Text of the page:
Are the new Republican majorities in Congress and in state legislatures really serious about reducing the size and spending power of Big Government? That question will be answered in large part by what actions Republicans take to cut the power of the teacher unions, specifically the National Education Association (NEA) and the American Federation of Teachers (AFT).
While those two powerful organizations (estimated annual revenue $1 billion) have some personnel differences, they walk in lockstep in support of high taxes, Big Government, and total control of education policies. The NEA and the AFT support the same Democratic candidates, and they manifest the same hostility to all market-oriented reforms of the public school system, such as parental choice, contract schools, and homeschooling.
They are the single most powerful force in the Democratic Party. At the 1992 Democratic National Convention, one delegate out of eight was an NEA or AFT member. That’s more delegates than New York Governor Mario Cuomo could command. The NEA was an early and enthusiastic endorser of Bill Clinton in his campaign for the Presidency.
The NEA contributes heavily in cash and “in-kind” to Democratic candidates. The NEA’s idea of “bipartisanship” was shown in the 1992 campaign when it endorsed 38 Democratic Senators and gave one small contribution in the primary only to one Republican Senator.
According to Dr. Myron Lieberman in a new policy paper published by the Claremont Institute, there is plenty the Republicans can do about this. His recommendations are good public policy as well as a major piece of good advice to conservatives. Most of these ideas involve eliminating the enormous taxpayer subsidies that the teacher unions now receive, a scandal largely hidden from the American people.
Since state bargaining laws in some states are the foundation of teacher union membership, revenues and political power, many of these problems must be addressed by state legislatures. But there are many things Congress can do.
For starters, Congress should eliminate the plush tax exemption enjoyed by the NEA’s building in Washington, D.C. Currently assessed at $64.8 million, the NEA should pay property taxes of $1.4 million, an amount equivalent to the national dues of 14,000 members.
The NEA enjoys this tax exemption because of a fluke – it was chartered by Congress in 1907 when it was a small, voluntary education association, NOT a union. It is unfair and discriminatory for the NEA to continue to own this valuable preference when no other union gets similar treatment. Other organizations chartered by Congress
are educational or charitable, such as the Red Cross and the Boy Scouts, while the primary activity of the NEA is influencing legislation and public opinion.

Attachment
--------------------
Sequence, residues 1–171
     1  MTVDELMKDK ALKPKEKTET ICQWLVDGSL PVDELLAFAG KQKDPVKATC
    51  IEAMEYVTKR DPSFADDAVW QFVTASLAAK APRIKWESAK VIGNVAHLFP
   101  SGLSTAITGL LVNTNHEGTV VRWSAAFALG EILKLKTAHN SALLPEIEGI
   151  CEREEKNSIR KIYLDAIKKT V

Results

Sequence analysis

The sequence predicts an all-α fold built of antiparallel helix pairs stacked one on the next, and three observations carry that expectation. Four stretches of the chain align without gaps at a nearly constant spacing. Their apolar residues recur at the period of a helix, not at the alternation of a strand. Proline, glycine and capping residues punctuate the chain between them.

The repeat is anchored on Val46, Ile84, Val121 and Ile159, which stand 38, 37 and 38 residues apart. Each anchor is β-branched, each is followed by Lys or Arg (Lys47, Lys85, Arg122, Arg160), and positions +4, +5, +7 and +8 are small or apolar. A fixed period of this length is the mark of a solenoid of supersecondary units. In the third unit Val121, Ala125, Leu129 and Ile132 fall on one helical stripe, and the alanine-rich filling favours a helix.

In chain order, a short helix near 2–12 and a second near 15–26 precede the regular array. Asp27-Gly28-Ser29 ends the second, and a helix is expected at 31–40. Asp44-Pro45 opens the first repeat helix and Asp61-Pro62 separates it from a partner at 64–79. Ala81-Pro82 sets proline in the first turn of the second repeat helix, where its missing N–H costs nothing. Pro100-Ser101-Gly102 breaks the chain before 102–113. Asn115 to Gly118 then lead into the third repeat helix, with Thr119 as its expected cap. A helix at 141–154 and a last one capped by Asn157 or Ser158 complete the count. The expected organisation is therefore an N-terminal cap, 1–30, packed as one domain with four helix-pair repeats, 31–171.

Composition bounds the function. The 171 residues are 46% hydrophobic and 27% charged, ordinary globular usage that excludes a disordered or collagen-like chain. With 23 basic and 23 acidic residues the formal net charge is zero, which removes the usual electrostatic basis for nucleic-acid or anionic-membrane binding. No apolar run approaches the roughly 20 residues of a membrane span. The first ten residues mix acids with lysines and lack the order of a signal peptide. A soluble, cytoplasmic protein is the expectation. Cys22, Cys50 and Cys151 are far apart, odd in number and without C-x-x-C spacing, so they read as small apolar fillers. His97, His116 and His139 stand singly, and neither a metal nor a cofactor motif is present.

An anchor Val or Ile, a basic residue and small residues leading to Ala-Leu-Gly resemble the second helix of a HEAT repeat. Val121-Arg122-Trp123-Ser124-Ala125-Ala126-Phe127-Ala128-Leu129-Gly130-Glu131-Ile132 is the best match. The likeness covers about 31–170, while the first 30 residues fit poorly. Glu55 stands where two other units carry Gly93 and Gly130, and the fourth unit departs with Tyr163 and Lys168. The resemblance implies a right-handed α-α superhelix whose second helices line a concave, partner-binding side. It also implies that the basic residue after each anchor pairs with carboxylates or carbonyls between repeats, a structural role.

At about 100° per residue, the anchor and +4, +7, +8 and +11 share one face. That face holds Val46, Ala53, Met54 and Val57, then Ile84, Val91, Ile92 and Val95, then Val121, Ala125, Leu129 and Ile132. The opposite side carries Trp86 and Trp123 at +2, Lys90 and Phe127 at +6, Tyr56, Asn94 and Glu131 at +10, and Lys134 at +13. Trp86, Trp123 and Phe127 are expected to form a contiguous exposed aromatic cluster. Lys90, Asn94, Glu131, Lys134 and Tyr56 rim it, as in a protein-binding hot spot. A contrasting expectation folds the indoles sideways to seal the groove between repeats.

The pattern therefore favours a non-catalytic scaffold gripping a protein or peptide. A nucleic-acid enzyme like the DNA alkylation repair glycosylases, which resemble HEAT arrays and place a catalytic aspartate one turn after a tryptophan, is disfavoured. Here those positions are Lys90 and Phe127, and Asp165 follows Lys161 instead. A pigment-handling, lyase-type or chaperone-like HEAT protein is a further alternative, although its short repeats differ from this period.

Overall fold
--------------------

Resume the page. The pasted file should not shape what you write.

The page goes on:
Secondly, Congress should make it illegal for the NEA and the AFT to enjoy the enormously valuable advantage of having school districts (i.e., the government) make payroll deductions of union dues and Political Action Committee (PAC) funds from teachers’ salaries and transmit such funds to the unions at no cost to the union. NEAi AFT revenues would plummet if this preferential treatment were stopped, because volunteer contributions are only a small part of union revenues.
How easy it is for the teacher unions to raise political money can be seen by the way they raised funds to defeat the California School Choice initiative in 1993: the California Teachers Association merely assessed its 200,000 members $19 each for three years. By contrast, those who oppose teacher union policies and candidates must spend one-third to one-half of their money and energies on fundraising.
The typical teacher union contract not only requires this checkoff of salaries for dues and PAC funds, but gives the union a veto over other deductions that might be made. Wouldn’t it be nice if a Republican or Conservative PAC could raise its political funds by a checkoff of teachers’ salaries?
This is not only a conservative-liberal issue, and not only a public policy issue, but also a constitutional issue. Should the government (i.e., a school district) be permitted to participate in and pay for fund-raising for political candidates supported by one special interest group?
Third, Congress should require the NEA and AFT and their affiliates to meet the reporting and disclosure requirements applicable to private-sector unions under the Landrum-Griffin Act, Section 201. This would require the unions to report their assets, liabilities, receipts, sources of revenue, and salary and benefits paid to officers. Most union members would be shocked to learn how many union officials are paid more than $100,000 a year plus benefits.
Fourth, Congress should abolish the National Board for Professional Teaching Standards (NBPTS), a $25 million-a-year boondoggle for the teacher unions to put their favorites on the taxpayers’ payroll, who can work to set up a certification system to give preferential certification to teachers who are union members.
Those who support less government, lower taxes, and more reliance on markets and incentives should realize that public-sector unions, such as the NEA and AFT, are the major obstacles to these goals. Every conservative objective would be helped by removing taxpayer subsidies from the NEA and AFT.